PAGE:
Capuchin monkeys are among only a few species of primates that use tools in their daily activities. For instance, they use stones as hammers and anvils to crack open cashew nuts and other hard foods. Although scientists have long thought that tool size correlates with food hardness, a new study led by the University of São Paulo has found that this is not always the case.
By observing three populations of bearded capuchin monkeys (Sapajus libidinosus), and measuring food hardness, tool size and weight, and local availability of stones, the experts discovered that culture – defined as the knowledge passed on from one generation to the next – can also influence tool choice.
“In one of the populations we analyzed [which lives in Chapada dos Veadeiros National Park in Goiás, a state in Brazil’s central-western region], even when they have stones that are suitable for use on a particular food resource, they may use disproportionately heavy tools, possibly evidencing a cultural trait of that group,” said Tiago Falótico, a primatologist at the University of São Paulo.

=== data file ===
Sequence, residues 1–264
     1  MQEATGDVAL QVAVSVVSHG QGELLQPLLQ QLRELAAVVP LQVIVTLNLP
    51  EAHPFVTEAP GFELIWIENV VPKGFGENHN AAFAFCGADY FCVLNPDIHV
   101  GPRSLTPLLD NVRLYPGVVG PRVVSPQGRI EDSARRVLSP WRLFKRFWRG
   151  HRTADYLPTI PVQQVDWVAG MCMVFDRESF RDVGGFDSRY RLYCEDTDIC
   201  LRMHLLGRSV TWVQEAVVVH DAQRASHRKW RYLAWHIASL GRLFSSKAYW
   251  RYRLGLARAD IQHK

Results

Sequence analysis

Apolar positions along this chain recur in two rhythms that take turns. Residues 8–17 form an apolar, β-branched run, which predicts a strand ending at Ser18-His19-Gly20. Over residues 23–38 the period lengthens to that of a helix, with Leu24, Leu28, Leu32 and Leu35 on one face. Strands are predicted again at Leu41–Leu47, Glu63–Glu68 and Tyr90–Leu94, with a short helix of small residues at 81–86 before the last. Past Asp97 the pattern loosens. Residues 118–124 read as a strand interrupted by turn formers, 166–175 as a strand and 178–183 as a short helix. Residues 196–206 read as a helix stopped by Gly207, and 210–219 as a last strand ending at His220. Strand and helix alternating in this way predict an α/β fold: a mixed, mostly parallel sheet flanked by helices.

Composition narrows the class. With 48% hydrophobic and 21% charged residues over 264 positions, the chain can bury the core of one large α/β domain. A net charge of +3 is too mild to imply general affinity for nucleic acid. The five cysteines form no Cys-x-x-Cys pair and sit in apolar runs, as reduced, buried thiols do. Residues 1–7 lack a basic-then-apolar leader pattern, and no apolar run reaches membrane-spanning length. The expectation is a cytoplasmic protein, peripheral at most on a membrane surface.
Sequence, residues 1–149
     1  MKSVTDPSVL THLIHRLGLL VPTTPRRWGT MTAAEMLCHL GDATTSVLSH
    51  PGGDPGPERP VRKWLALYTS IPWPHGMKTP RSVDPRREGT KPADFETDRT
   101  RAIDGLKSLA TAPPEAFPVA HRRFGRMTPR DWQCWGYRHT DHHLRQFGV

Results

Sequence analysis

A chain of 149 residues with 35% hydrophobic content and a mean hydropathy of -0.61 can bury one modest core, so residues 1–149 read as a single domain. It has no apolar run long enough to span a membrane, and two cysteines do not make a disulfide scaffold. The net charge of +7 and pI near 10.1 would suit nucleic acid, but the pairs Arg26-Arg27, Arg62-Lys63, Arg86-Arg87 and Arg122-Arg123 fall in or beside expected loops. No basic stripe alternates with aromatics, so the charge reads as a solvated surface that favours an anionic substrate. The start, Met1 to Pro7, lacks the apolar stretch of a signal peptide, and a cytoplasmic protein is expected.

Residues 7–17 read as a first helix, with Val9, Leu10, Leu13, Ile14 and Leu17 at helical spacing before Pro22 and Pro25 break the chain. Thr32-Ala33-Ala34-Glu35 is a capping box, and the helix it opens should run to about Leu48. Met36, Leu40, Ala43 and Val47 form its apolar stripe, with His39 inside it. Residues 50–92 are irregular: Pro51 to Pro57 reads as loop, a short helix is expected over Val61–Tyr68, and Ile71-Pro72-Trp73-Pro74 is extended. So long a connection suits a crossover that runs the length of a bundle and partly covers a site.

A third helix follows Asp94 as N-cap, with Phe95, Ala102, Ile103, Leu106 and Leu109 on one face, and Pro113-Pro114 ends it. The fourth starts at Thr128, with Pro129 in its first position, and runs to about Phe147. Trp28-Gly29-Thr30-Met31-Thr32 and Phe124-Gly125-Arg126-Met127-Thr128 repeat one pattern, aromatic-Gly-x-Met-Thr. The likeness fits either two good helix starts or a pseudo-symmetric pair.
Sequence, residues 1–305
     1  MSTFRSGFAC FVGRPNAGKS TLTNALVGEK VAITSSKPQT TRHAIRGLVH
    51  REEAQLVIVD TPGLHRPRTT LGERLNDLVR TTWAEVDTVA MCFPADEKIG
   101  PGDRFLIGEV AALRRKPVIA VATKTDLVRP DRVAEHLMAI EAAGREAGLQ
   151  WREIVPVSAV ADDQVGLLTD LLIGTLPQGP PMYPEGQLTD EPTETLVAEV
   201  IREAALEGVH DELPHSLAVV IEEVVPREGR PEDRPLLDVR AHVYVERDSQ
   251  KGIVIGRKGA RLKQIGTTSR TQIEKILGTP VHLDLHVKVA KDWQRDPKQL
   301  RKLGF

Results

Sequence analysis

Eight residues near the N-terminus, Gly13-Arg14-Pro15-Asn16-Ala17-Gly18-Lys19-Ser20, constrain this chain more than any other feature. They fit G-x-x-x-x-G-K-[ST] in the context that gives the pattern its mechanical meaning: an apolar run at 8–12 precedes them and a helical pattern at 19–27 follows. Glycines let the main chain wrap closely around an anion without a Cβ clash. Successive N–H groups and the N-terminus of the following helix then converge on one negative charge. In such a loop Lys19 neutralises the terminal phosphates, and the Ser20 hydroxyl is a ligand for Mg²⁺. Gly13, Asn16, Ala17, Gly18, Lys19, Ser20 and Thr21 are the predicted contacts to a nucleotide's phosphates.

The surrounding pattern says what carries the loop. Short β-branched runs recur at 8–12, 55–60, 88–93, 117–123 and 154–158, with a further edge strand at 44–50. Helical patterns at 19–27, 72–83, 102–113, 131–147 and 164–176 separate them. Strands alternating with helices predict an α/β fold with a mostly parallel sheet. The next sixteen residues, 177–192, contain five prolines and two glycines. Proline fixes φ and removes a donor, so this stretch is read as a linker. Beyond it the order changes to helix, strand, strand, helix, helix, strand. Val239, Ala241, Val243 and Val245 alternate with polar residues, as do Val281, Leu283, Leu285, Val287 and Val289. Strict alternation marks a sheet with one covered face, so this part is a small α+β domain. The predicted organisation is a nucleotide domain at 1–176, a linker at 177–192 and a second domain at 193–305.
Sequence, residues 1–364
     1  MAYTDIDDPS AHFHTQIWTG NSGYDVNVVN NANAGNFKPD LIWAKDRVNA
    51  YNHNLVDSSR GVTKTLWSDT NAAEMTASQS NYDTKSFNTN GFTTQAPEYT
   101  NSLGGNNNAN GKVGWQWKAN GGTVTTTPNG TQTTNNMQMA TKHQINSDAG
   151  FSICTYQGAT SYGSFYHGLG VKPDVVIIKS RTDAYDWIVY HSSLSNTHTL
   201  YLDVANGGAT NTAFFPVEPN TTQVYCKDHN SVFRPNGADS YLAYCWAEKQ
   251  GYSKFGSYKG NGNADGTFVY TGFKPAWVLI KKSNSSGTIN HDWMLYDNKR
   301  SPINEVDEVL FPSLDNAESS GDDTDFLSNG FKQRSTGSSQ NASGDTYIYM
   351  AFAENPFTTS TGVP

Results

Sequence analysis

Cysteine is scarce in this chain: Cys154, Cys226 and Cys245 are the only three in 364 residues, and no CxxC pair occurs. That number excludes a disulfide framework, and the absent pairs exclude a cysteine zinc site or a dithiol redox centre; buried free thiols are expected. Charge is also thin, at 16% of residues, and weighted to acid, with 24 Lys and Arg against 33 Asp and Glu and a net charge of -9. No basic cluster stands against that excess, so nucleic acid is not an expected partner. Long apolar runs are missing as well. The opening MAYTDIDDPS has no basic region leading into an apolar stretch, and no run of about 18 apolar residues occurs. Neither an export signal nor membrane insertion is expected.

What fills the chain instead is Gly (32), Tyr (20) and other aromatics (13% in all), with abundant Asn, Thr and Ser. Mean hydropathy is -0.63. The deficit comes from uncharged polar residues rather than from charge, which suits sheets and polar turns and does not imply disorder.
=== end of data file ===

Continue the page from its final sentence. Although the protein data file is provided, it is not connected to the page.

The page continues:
The scientists compared this population with capuchins living in Serra das Confusões National Park, in Piauí, a state located in Brazil’s northeastern region, and another population from Serra da Capivara National Park, about 100 kilometers away in the same state.
“In Serra das Confusões, they use smaller tools to open smaller and softer fruit but use large, heavy hammers to crack coconut shells, which are very hard. In Chapada dos Veadeiros, where there are stones of varying sizes to choose from, they use the heaviest ones even for fragile foods,” Falótico reported.
“We expected to find a very close correlation between the type of food and the size and weight of the tool, but the population in Chapada dos Veadeiros mainly used the larger ones even though stones of all sizes are plentiful and they can choose a smaller size. They probably inherited this habit from their ancestors. It’s a cultural difference compared with the other populations. Their behavior isn’t due to the availability of resources but to cultural heritage.”
In future research, the scientists aim to analyze the genomes of all three capuchin populations in order to assess whether the cultural differences involved in their tool usage could be linked to underlying genetic differences.
The study is published in the journal Nature Scientific Reports.
By Andrei Ionescu, Earth.com Staff Writer
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